Moral Responsibility and Moral Character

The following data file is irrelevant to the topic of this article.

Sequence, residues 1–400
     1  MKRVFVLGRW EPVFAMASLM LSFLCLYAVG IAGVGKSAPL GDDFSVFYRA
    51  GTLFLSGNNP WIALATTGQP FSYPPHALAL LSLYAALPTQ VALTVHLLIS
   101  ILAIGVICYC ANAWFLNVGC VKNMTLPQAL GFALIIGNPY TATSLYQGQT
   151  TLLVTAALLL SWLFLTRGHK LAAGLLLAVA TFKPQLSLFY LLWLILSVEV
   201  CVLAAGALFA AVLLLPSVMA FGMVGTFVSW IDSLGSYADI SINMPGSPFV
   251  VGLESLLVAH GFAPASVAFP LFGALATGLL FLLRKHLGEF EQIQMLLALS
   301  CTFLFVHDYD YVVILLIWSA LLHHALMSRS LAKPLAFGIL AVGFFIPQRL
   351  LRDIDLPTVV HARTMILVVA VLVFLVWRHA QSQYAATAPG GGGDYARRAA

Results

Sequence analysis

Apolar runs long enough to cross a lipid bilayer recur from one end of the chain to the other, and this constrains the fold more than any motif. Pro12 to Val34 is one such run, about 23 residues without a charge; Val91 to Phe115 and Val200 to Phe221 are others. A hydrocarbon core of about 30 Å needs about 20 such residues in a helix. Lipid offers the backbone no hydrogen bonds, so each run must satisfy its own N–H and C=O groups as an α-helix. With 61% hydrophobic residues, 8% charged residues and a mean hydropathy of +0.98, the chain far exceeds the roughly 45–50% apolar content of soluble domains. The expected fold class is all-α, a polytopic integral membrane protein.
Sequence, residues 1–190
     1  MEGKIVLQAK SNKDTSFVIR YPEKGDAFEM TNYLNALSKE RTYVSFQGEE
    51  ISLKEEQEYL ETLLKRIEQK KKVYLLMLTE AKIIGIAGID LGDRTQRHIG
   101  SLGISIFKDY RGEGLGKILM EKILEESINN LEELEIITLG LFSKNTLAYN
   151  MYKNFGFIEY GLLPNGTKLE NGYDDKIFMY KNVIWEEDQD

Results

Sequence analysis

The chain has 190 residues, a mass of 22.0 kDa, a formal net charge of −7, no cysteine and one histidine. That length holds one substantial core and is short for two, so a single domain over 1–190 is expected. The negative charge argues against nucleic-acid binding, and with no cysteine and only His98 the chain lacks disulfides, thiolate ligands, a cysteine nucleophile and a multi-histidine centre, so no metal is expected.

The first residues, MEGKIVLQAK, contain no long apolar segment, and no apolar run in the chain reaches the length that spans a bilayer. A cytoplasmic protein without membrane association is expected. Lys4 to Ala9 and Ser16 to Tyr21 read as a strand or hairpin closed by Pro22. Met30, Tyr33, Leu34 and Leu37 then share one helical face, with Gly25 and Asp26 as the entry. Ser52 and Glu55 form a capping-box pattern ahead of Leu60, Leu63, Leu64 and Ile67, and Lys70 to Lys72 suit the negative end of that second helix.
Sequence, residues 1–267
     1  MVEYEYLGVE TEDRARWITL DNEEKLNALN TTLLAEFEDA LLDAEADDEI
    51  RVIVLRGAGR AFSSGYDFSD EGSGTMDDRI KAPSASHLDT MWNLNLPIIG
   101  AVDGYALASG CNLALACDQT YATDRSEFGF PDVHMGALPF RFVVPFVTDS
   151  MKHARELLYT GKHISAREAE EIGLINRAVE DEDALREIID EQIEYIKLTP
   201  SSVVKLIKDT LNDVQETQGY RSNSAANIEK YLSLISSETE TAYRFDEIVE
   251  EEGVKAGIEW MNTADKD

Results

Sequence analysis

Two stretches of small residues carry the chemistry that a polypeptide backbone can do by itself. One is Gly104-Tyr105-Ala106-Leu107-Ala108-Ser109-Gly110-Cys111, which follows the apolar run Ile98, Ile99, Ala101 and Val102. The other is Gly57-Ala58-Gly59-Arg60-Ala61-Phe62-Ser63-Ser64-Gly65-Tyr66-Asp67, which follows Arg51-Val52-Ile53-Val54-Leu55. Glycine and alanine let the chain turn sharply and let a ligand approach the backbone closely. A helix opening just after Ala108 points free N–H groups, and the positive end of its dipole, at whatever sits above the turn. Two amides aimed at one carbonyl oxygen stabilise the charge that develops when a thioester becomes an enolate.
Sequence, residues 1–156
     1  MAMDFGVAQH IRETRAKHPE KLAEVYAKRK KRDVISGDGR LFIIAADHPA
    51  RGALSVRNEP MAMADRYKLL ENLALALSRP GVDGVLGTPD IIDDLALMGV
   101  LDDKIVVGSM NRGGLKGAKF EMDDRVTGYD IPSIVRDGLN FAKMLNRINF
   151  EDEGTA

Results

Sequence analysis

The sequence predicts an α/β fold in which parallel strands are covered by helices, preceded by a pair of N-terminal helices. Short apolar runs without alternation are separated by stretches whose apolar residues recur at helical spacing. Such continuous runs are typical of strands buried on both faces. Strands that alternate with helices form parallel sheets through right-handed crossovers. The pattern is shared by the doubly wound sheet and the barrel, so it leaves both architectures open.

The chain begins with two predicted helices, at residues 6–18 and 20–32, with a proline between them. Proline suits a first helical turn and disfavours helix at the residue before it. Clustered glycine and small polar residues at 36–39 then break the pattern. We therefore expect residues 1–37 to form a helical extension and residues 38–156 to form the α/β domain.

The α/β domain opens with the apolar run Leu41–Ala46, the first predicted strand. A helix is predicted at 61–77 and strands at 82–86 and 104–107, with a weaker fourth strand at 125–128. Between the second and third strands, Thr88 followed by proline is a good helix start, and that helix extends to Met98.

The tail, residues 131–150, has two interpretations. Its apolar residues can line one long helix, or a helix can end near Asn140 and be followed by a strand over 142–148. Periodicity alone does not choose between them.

This chapter establishes that the general context in which Aristotle's discussions of voluntariness occur, his general account of the virtues and vices of character, is itself concerned with the conditions of moral agency. The chapter focuses on Aristotle's conception of the property common to the virtues and vices of character (ēthikē aretē kai kakia) and to the intermediate states of character falling between perfect virtue and full vice. These states are recognizably moral qualities, and Aristotle denies them to animals and small children on the grounds that they have no conception of happiness. The feature distinctive of such a state, in Aristotle's view, is that it expresses the agent's conception of happiness; and so this must be the feature that, in his view, makes an agent properly subject to the expectations and evaluations of morality.
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